In my little part of the world, warm weather and Spring finally made an appearance this week after a long, long winter. The temperatures were only in the 60s but it was as if the entire community had just been released from months of solitary confinement. Everyone was outside. Kids were on their bikes, joggers were glad to be off of their treadmills and those people out walking their dogs looked a little happier than when they had to perform this task in negative wind chills. Cam also pointed out that it even “smelled” like Spring. I’m not entirely sure what this smell is but I completely understood what he was talking about. It is a precursor or future, glorious sunsets and great things to come in the next few months.
In our house, many of these great things will take place around a baseball and/or softball diamond. Cam didn’t make his middle school baseball team (though we are so proud of the efforts that he made) but he is still on an advanced-level travel team along with a number of his friends. His practices will get into full swing (no pun intended) in April. I’m also the head coach of my daughter’s softball team and we just had our league’s player draft last weekend. Our practices start up in April as well. On top of that, we’ll go to a couple of games for our minor league baseball team at their beautiful Downtown stadium and we’ll travel to catch a game or two in person of my lovable, albeit hapless, Cubbies.
Games this year are going to present a new challenge for us. We are going to need to be more conscientious at these stadiums much like we are when we go out for regular meals. We can take the the advice of the famous song and buy some peanuts and Cracker Jack (both are safe for us) but that’s about it at the traditional concession stand. Now, I’m not expecting much on a local level where my kids play. These are volunteer-run concession booths and we’ll just bring our own hot dogs to enjoy them on an Udi’s bun between games. When it comes to the professional stadiums though, my expectations do go up a bit. New stadiums have realized that the fan experience should include a wide variety of high quality food choices. Crab cakes are being served in Baltimore, a meatloaf “cupcake” is served in Detroit and even Rocky Mountain Oysters are served at the games in Colorado. At the parks, the chances of Cam finding something safe to eat are a bit of a mixed bag. Our local minor league stadium is state-of-the-art with open views and great vantage points of the game but the gluten free menu is lacking. Actually, it is non-existent. I don’t remember ever seeing any gluten free options in the multiple visits to the stadium last year. Looking on the team website, it doesn’t look like anything has changed for the upcoming season. For a Celiac, this venue is a plan ahead and bring your own snacks ballpark experience. Fortunately, most major league baseball stadiums now have dedicated gluten free concession stands to go along with their standard and higher quality offerings. For a complete list of stadiums that are gluten free (as of the beginning of last year) see fellow blogger Taylor’s great post at Gluten Away http://glutenaway.blogspot.com/search?q=stadium).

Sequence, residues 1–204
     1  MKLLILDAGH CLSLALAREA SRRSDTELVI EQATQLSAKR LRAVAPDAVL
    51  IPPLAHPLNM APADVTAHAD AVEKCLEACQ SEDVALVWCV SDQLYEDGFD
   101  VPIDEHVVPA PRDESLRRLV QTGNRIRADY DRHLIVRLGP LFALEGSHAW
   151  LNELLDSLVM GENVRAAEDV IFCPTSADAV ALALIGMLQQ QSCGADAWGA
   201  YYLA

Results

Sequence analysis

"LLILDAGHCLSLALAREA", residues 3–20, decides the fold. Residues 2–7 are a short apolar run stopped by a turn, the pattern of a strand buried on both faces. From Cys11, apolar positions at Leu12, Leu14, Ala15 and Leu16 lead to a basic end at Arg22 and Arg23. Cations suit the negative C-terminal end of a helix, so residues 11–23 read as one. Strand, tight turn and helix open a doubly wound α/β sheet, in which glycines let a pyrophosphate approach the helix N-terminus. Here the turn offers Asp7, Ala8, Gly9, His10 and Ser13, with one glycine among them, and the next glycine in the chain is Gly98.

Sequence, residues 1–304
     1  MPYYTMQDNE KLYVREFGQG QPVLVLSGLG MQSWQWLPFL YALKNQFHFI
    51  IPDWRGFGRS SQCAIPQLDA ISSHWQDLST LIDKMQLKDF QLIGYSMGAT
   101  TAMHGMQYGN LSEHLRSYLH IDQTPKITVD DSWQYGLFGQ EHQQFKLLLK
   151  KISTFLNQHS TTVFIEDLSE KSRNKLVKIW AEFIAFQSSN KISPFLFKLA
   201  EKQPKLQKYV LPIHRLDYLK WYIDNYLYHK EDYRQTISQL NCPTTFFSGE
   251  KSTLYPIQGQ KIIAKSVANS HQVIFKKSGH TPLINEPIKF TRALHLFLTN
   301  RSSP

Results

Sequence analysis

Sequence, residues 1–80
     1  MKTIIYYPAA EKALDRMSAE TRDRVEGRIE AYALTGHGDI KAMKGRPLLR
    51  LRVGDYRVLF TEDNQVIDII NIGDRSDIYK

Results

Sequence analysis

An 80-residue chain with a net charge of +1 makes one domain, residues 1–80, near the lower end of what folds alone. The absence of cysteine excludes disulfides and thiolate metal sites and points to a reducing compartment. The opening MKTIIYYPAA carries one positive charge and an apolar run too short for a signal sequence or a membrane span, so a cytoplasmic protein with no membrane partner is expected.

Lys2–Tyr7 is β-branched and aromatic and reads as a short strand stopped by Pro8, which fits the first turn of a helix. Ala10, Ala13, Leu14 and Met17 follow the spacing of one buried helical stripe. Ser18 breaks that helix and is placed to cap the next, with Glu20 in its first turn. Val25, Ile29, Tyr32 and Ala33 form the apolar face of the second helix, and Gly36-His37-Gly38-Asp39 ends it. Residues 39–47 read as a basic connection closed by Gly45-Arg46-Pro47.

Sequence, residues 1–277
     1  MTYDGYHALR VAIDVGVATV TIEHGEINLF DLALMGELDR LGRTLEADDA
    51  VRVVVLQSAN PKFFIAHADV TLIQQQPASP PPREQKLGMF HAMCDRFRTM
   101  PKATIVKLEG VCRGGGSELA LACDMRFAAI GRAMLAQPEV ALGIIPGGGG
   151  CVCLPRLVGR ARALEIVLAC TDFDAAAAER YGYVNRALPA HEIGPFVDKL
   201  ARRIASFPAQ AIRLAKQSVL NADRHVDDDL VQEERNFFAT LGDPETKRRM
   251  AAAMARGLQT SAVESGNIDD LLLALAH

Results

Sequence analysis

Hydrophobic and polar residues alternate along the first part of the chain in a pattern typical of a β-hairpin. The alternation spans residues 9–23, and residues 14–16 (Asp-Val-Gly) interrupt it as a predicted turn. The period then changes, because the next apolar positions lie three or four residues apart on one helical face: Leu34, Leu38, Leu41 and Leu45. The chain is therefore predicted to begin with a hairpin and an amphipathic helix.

The Major League Baseball stadiums are providing us nice options and allowing Cam (and other gluten sensitive customers) to feel “included” within their friendly confines. But what about other sports? Why is it taking so long for these venues to embrace the fact that gluten free is a necessary way of life for a growing section of the population? About 1/4 of the NFL stadiums are on board and approximate 1/2 of the current NBA arenas have offerings. Our local NHL team doesn’t have a gluten free concession area. Our college football stadium, which seats 105,000 people eight times a year, is antiquated when it comes to it’s food offerings. Think about the money lost at these venues. Consider that 1 in 133 people are diagnosed Celiac and let’s assume that as a consumer they would purchase $15 of food and drink at a game. The hockey stadium seats 18,500 people so, statistically, 139 of these people could be diagnosed Celiac. If these consumers were given the opportunity to buy food & drink, that’s an additional $2,085 in concession sales per game that is not being realized. At 40 games a season, the arena is missing out on $83,400. Using this same formula, the college football stadium is losing $94,800 in business over the course of the eight game season. And this is only factoring in people who have officially been diagnosed. Add in the number of people with gluten-intolerance and/or gluten sensitivity and there is a lot of money being left on the table. I’m not going to pretend that I’m an expert on the food and beverage policies that these, and other stadiums, have in place. I’m sure that it would cost some money to make at least one of their concession areas 100% dedicated to gluten-free offerings and they are probably hindered a bit by what they can purchase from the companies where they get their concessions. But if other stadiums around the country already have these in place, shouldn’t it be an investment to look into?
Over the next six weeks, we are going to have the opportunity to attend two huge sporting events that should provide a lifetime of memories. Unfortunately, I’ve looked at each venue and haven’t found any dedicated concessions (though I have sent an e-mail to one as their web site was pretty vague concerning their food offerings). But you know what? That’s o.k. We have enough time to plan accordingly for these trips and assure that they will be remembered for the right reasons. Continued awareness and advocacy about this growing dietary need will help stadiums and venues such as these to make changes for the benefit of the Celiac customer. Hopefully, the trend continues and this happens soon as we have many more games to go to and so many more memories to make.